Tuesday, May 30, 2006
US aid for Israel $2.46 billion in 2007
The foreign aid bill includes $2.34 billion military aid for Israel and $120 million civilian aid. Civilian aid will end in 2009.
Ran Dagoni, Washington
28 May 06 12:43
On Friday, the US House of Representatives Appropriations Committee approved the 2007 house foreign aid bill, which includes $2.46 billion for Israel. $2.34 billion of this amount will be military aid, and $120 million will be civilian aid.
US aid for Israel is calculated according to a formula set in the late 1990s by then-Minister of Finance Yaakov Neeman and then Israel Economic Minister to Washington Ohad Marani to gradually eliminate US civilian aid to Israel, and which was adopted by the US administration. The feeling in Israel at the time was Congress would not support civilian aid for long to a country with a developed economy like Israel’s.
Under the formula, US civilian aid for Israel is cut by $120 million a year, until it’s elimination in the 2009 US fiscal year. At the same time, US military aid for Israel would increase by $60 million a year to a ceiling of $2.4 billion a year, beginning in 2009. Israel will receive its last $60 million of US civilian aid in the 2008 US fiscal year.
The House appropriations bill must now go to a House plenum vote. The US Senate is now preparing its own appropriations bill. When approved, the two bills will go to a joint appropriations committee, which will reach a compromise between the House and Senate bills.
Under the House bill, US foreign aid will total $23.1 billion in 2007. As in every year, Israel is the largest recipient of US foreign aid, followed by Egypt ($1.7 billion, including $1.3 billion in military aid).
Efforts by the Egyptian government to strangle emerging signs of democracy in the country have roused the ire of Congress, and caused Congressman David Obey (Dem.-Wisconsin), the ranking Democratic on the House Appropriations Committee, to initiate a proposal to freeze some aid to Egypt until democratic reforms are instituted. However, the Bush administration made it clear that it opposed the initiative. US government officials and other legislators said Egypt was an important US ally in the war on terrorism. Nevertheless, even supporters of US aid for Egypt expressed concern about its poor human rights record.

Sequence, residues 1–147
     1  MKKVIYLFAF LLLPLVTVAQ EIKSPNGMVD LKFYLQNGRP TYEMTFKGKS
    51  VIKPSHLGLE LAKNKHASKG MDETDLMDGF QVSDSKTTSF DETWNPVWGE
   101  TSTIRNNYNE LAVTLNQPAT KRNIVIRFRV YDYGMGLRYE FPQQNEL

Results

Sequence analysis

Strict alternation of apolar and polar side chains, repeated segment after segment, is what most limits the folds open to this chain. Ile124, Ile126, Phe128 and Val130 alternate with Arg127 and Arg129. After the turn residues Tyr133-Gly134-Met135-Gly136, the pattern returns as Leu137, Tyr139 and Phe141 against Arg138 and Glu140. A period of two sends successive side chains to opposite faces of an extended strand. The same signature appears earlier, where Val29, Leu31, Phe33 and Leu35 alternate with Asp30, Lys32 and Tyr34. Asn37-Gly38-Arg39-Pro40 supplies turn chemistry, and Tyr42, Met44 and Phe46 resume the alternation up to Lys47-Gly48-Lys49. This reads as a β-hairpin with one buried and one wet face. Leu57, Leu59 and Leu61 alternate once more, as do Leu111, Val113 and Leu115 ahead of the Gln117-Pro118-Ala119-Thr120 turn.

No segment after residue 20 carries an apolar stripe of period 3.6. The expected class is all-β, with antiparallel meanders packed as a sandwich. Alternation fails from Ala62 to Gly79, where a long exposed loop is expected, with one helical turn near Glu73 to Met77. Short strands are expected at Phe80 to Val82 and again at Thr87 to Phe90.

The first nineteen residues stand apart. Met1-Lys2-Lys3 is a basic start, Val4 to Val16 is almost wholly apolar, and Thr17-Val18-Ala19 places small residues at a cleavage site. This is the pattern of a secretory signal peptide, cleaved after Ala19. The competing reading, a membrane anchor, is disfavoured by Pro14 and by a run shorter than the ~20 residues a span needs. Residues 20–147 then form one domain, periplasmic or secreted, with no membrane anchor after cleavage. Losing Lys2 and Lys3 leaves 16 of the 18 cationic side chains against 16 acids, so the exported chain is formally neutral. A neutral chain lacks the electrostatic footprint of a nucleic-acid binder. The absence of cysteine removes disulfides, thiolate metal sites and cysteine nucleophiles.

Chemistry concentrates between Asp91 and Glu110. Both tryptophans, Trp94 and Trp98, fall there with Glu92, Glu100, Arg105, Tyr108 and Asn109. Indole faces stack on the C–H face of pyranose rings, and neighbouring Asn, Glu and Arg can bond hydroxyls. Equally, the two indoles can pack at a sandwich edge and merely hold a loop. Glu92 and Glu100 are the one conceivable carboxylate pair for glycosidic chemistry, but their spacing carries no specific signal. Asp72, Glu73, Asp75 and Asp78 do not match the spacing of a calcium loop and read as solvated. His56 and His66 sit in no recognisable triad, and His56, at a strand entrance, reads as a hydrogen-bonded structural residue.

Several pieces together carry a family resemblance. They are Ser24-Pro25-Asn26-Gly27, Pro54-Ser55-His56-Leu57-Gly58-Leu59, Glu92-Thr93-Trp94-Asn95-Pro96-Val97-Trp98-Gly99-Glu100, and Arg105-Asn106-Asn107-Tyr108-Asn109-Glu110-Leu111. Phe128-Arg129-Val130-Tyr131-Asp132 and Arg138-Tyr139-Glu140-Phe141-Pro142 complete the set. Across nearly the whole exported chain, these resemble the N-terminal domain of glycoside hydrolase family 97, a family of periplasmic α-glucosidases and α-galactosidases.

Members of Congress are most incensed over the Egyptian government’s persecution of opposition activist and MP Iman Noor, sentenced to five years in prison by a Cairo court. Critics claim the charges were bogus. Congressman Obey’s amendment to the House foreign aid bill failed to pass the committee, but he and Congressman Tom Lantos (Dem.-California) have initiated a second, much tougher, amendment than the one that failed in committee.
The House foreign aid bill includes $3.4 billion to fight AIDS, tuberculosis and malaria; $522 million for stabilization efforts in Iraq; and $962 million for Afghanistan.
Published by Globes [online], Israel business news - on May 28, 2006
Here is an example of how the US aid is used
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Last update - 10:35 31/05/2006
Collateral damage: Entire Gaza family
By Gideon Levy
The entire family of Hamdi Aman, a 28-year-old Palestinian from Gaza who spent his youth in Tel Aviv's Carmel market, was hit in the assassination of Islamic Jihad operative Mohammed Dahdouh in Gaza a week and a half ago. Aman's 7-year-old son Muhand was killed; Naima, his wife, 27, was killed; his mother Hanan, 46, was killed. His three and a half year old daughter Mariya is lying in the pediatric intensive care unit at Sheba Medical Center, Tel Hashomer, permanently paralyzed and on a respirator. Aman is not allowed to be with her. His youngest son, Muaman, 2, was lightly wounded by shrapnel in his back, and Aman himself was hit by shrapnel throughout his body. His uncle Nahed, 33, a father to two toddlers, is fully paralyzed and in critical condition at Tel Aviv's Sourasky Medical Center. The Amans had bought a used Mitsubishi car 11 days ago, and took it for a maiden spin through the Gargash neighborhood in Gaza City. There were eight of them in the car: five adults and three toddlers. Mariya stood dancing on her mother's knees. When they drove down the busy industrial street and passed the home of Palestinian Authority Foreign Minister Mahmoud Zahar, they felt a powerful blow to the left side of the car exactly when a Magnum van carrying Dahdouh passed them on the left. A massive blast occurred, the van with the dead Jihad operative in it was in flames, and Hamdi was faced with the horror that his entire family had been hit. Israel Air Force chief Major General Eliezer Shkedi said the next day that "we still have to check" what killed the Aman family. The IDF Spokesman's Office also told Haaretz this week, 10 days after the assassination, that the IDF is "continuing to investigate in order to check the report that three Palestinians were killed as a result of the attack on Dahdouh's car."